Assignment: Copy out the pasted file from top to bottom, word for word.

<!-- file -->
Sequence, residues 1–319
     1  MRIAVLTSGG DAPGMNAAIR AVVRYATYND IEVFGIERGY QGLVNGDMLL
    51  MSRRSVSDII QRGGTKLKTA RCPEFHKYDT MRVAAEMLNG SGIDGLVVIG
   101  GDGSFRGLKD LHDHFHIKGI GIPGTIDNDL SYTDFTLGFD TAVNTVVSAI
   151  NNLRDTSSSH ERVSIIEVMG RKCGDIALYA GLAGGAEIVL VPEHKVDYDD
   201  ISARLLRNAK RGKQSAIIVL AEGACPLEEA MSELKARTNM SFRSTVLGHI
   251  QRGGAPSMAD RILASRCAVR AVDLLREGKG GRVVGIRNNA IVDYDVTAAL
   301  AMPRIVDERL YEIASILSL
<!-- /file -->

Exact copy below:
Sequence, residues 1–319
     1  MRIAVLTSGG DAPGMNAAIR AVVRYATYND IEVFGIERGY QGLVNGDMLL
    51  MSRRSVSDII QRGGTKLKTA RCPEFHKYDT MRVAAEMLNG SGIDGLVVIG
   101  GDGSFRGLKD LHDHFHIKGI GIPGTIDNDL SYTDFTLGFD TAVNTVVSAI
   151  NNLRDTSSSH ERVSIIEVMG RKCGDIALYA GLAGGAEIVL VPEHKVDYDD
   201  ISARLLRNAK RGKQSAIIVL AEGACPLEEA MSELKARTNM SFRSTVLGHI
   251  QRGGAPSMAD RILASRCAVR AVDLLREGKG GRVVGIRNNA IVDYDVTAAL
   301  AMPRIVDERL YEIASILSL